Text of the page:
Scapular Winging: A great masquerader of shoulder disorders: AAOS exhibit selection

Umasuthan Srikumaran, Jessica H. Wells, Michael T. Freehill, Eric W. Tan, Laurence D. Higgins, Jon J.P. Warner, Elaine P. Henze

Research output: Contribution to journalReview article

Abstract

Background: The incidence of scapular winging is unclear, but it may be more common than previously thought. It can be difficult to diagnose because the presenting complaint and physical examination may direct the practitioner toward more common shoulder and neck conditions. Ongoing scapular dysfunction may result in inappropriate or failed surgery. Our goals were to (1) describe the common misdiagnoses (instability, labral abnormality, impingement, and cervical spine disease), the clinical scenarios and examination findings leading to diagnostic difficulty, the definitive treatment options available, and the clinical outcomes and complications; and (2) review the important aspects of the patient history, physical examination of the scapula, and associated studies necessary to make the correct diagnosis of scapular winging. Methods: We reviewed the literature relative to, and our own experience with, the treatment of scapular winging and identified a series of patients with this condition who were initially misdiagnosed with other shoulder or spine abnormalities. In our literature search, only nine clinical studies reported on a series of patients with scapular winging that was initially misdiagnosed or had a delay in diagnosis (n = 53 patients). We examined these cases for presenting or preexisting diagnoses and for surgical procedures that had been performed before the diagnosis of scapular winging. Results: For patients ultimately diagnosed with scapular winging, initial presentations and diagnoses included rotator cuff disorders (20%), glenohumeral instability (8%), peripheral nerve disorders (6%), cervical spine disease (6%), acromioclavicular disorders (6%), thoracic outlet syndrome (4%), and unknown or unspecified (41%). The most common surgical procedures performed before definitive scapular winging treatment were rotator cuff (22%), instability (22%), nerve (14%), acromioclavicular (12%), cervical spine (5%), and thoracic outlet (4%) procedures. Conclusions: Clinically, scapular winging often mimics more common shoulder abnormalities and can result in unnecessary or unsuccessful surgical procedures. Diagnosis can be readily achieved with simple physical examination and specific provocative maneuvers in conjunction with electromyography and nerve conduction studies. Prompt diagnosis and recognition can avoid substantial shoulder dysfunction. COpyright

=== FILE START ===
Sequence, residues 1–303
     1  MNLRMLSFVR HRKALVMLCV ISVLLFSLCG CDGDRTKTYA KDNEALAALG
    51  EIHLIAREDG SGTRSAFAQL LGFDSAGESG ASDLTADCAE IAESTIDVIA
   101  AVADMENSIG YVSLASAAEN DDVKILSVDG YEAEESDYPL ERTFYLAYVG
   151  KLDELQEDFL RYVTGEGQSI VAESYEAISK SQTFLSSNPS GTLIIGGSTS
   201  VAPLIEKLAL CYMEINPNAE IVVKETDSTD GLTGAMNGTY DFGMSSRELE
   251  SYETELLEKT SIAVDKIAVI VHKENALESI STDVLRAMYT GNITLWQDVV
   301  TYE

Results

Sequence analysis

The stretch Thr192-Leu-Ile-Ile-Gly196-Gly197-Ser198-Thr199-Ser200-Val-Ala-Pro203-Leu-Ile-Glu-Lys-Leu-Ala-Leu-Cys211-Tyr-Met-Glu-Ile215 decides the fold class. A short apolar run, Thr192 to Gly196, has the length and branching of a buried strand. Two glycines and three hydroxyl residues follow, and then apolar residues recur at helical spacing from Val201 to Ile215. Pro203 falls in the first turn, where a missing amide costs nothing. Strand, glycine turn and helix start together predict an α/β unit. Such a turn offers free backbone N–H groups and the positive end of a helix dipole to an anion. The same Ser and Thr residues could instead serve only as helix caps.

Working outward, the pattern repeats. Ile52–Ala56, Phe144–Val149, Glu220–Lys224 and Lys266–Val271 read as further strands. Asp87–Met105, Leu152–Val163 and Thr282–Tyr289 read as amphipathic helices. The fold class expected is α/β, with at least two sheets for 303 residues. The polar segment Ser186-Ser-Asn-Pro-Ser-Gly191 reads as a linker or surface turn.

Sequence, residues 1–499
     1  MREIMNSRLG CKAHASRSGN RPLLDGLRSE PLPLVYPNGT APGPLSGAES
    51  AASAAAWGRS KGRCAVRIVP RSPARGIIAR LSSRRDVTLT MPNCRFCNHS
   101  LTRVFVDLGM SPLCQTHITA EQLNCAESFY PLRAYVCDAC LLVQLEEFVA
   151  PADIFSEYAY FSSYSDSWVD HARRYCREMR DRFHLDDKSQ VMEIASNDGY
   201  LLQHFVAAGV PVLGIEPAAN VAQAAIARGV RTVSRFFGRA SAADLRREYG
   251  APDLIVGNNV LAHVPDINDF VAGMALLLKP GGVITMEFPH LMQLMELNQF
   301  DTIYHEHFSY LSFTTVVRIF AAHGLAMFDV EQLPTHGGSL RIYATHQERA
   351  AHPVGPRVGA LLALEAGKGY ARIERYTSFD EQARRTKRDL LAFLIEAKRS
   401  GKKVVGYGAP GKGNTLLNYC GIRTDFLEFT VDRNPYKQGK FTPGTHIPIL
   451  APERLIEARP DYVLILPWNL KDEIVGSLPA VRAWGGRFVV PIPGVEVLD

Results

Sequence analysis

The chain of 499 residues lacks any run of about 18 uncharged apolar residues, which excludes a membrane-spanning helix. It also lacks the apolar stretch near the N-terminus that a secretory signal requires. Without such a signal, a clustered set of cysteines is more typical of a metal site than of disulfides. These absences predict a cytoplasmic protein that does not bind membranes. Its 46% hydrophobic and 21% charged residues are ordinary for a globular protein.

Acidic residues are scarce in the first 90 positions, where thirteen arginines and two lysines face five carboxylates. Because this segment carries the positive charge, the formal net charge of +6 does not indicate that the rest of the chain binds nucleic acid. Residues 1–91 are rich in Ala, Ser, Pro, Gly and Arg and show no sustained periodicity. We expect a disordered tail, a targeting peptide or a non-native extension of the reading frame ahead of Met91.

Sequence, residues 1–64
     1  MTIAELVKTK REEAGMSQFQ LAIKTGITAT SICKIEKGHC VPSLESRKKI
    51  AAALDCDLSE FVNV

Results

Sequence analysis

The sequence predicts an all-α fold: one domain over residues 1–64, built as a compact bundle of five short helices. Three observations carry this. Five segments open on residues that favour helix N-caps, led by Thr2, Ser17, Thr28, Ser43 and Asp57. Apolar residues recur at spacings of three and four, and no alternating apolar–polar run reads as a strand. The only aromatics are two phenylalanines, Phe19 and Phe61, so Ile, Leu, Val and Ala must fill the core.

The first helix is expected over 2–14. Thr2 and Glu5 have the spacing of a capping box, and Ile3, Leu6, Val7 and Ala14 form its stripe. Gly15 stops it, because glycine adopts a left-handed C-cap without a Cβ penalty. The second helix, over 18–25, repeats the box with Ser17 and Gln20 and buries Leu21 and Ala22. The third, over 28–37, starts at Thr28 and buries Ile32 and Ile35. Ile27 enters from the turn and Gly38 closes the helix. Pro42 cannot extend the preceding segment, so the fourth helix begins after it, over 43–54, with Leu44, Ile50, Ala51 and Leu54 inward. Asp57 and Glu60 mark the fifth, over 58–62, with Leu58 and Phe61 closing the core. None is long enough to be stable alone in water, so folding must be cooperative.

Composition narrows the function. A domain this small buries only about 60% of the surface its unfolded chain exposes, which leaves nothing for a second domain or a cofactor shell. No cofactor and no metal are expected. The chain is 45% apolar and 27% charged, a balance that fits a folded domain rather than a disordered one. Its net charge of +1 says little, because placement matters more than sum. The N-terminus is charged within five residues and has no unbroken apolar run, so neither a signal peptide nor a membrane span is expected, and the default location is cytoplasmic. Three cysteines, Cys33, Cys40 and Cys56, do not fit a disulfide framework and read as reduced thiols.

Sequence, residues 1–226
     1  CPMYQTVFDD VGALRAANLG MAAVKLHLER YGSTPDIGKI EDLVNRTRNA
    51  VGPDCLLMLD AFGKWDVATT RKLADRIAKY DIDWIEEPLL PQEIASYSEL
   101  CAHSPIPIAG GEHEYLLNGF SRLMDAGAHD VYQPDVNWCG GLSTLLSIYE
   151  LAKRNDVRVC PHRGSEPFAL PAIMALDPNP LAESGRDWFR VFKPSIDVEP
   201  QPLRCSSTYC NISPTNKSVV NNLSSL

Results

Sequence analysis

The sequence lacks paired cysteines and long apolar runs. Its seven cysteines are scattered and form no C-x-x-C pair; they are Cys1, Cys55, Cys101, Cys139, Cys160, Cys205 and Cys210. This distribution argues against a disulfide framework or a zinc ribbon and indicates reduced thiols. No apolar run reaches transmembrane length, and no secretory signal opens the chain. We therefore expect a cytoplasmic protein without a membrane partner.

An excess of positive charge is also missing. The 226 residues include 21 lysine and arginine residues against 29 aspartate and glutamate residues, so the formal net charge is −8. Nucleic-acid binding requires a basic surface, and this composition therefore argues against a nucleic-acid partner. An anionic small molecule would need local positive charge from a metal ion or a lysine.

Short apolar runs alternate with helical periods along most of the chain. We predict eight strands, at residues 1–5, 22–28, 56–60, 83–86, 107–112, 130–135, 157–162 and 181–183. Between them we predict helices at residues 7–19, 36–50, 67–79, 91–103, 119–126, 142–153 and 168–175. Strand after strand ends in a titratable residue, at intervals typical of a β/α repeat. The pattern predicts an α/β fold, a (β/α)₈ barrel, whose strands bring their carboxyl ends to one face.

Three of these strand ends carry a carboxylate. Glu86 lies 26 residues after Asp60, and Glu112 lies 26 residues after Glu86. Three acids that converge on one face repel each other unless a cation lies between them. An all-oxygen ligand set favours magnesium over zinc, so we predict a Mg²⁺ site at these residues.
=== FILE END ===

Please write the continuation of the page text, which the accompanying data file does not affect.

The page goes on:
Original languageEnglish (US)
Pages (from-to)e122.1-e122.13
JournalJournal of Bone and Joint Surgery - American Volume
Volume96
Issue number14
DOIs
StatePublished - Jul 16 2014

ASJC Scopus subject areas

  • Surgery
  • Orthopedics and Sports Medicine

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    Srikumaran, U., Wells, J. H., Freehill, M. T., Tan, E. W., Higgins, L. D., Warner, J. J. P., & Henze, E. P. (2014). Scapular Winging: A great masquerader of shoulder disorders: AAOS exhibit selection. Journal of Bone and Joint Surgery - American Volume, 96(14), e122.1-e122.13. https://doi.org/10.2106/JBJS.M.01031